Publications as Positional Goods, and the Division of Labor in Academia

My co-blogger Mike Makowsky has a thoughtful post this week about the academic publishing process. I wanted to offer a slightly different perspective on the same topic. But my perspective comes from someone who is not at a research university, and someone who has recently survived the tenure process.

A little background for those not completely familiar with the academic world: schools are usually considered either teaching or research schools. At first this seems confusing: both Clemson (where Makowksy is) and the University of Central Arkansas (where I am) require that faculty engage in both research and teaching. The difference is subtle, but the big hint is that Clemson is considered an “R1” school (the highest research designation) and has a PhD program with many graduate students. At a school like Clemson, research is valued more than teaching. At UCA, teaching is valued more than research. (Much more could be said about the differences, perhaps in a future post.)

We both engage in both teaching and research (as well as service!), but the emphasis is different. For me at UCA, the expectations of which journals I will publish in and how frequently I will publish are lower than at a school like Clemson. At Clemson, some of your publications should be in the Top 5 (or at least Top 10) journals from time-to-time. At UCA, if you published in one of the top journals, the assumption would be that you are probably leaving soon to go to an R1 school

I’m glad both types of schools exist, and my point here is not to disparage either type of school. But the difference is important for thinking about the academic publishing process.

For someone at an R1 school, publications in top journals are positional goods. Makowsky doesn’t say this exactly, but that’s my takeaway from his post. There are only so many spots available in these journals, and they have value because there is only a fixed number available. And since there has been, over the years, a lot more economists doing a lot more research not all of the great papers will end up being published in one of the top journals.

Upshot: there are a lot of great papers being published in Top 50 or even Top 100 journals! Let me pick on myself. As I said, I recently successfully survived the tenure process. My publication record was good enough. You can inspect my publications over at Google Scholar. I’m proud of these publications. I think some of them are really great. But I’m fairly confident that I would never earn tenure at Clemson with these publications. Instead, you need a publication record like Makowsky.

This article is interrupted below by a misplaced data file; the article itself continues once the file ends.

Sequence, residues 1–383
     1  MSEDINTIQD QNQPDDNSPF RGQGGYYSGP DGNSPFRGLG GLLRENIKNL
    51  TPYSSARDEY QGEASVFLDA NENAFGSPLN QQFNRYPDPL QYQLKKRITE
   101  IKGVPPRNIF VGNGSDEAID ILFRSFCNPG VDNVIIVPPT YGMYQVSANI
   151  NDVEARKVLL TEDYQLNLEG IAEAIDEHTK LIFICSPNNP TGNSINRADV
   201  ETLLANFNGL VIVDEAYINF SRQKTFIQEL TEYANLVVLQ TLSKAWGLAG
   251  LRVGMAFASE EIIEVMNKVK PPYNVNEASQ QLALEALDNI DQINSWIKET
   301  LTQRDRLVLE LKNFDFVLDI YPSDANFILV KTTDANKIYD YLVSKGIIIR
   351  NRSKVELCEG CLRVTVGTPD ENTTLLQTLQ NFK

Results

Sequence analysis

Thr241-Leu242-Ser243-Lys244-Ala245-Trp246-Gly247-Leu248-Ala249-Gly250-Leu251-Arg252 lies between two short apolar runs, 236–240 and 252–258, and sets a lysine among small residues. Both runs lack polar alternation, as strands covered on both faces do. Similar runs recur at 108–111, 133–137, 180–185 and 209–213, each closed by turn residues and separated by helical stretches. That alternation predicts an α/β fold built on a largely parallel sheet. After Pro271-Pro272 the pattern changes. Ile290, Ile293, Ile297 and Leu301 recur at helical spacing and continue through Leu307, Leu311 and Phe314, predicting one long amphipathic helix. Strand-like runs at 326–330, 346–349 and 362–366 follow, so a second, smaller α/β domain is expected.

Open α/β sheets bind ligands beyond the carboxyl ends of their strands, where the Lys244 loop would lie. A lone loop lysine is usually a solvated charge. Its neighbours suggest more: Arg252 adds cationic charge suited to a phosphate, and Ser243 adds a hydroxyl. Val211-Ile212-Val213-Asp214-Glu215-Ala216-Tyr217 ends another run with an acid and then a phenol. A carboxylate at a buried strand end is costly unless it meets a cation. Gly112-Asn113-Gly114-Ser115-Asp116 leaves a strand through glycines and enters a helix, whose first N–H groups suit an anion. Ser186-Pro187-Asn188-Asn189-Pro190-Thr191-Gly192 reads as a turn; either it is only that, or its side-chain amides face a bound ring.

What’s interesting here is that Mike and I occasionally publish in some of the same journals. Public Choice and Constitutional Political Economy jump out to me. These are, in my view, very fine journals. Lots of interesting research is published in these journals. I’m especially proud of this paper in Public Choice. But if someone published only in these two journals and journals like them, they wouldn’t get tenure at an R1 university.

So what do we do with this information?

Here’s my overall message on this topic: you can be a successful academic without necessarily publishing in the very best journals in your field. And it has to be this way. There simply aren’t enough spots in the top journals for everyone at every school in the nation to get tenure. And that’s OK. For those at R1 schools, or graduate students aspiring to be at those schools, top publications are a must.

What’s really fascinating to me is how this filters out into the wider culture, including the general public and the media. While the general public can probably identify the very top schools (Harvard, etc.), once you get past the top 10 or so it becomes very fuzzy. I think most in the general public will just default to thinking about the “better” schools as those with better sports teams.

And the Top 5 or 10 journals? Forget about it. The general public has no idea. Heck, it’s even hard sometimes to get people to understand the difference between a working paper, an accepted journal article, and a regular old policy paper (which may never be intended for submission to a journal). We’ve seen this a lot in the past year with research on COVID-19! But it’s a perpetual problem.

And it’s potentially a big problem. We want to be sure that public policy is being informed by the best current research on a topic. In an ideal setting, the best research would make it into the top journals, and then this research would be used to inform public policy. We know that it rarely works that way. But Mike’s post hints at the real possibility that a lot of the best work isn’t even published in the very top journals. So maybe the confusion among the general public isn’t so bad.

All of this is to say: it’s really important for academics to communicate with the general public and policymakers. And to communicate, as best we can, what the research on an issue says. Ultimately, this is a form of teaching, but not necessarily teaching in the classroom. And I think it very clearly shows the important connection between research and teaching. But if we really, as economists, believe in the division of labor, we should believe that it’s a really good thing some of us specialize in teaching, while others specialize in research.

There is occasionally that rare academic, like a Milton Friedman or Paul Krugman, that excels in all areas (research, teaching, and communicating to the public). But we can’t all be superstars. And that’s okay.

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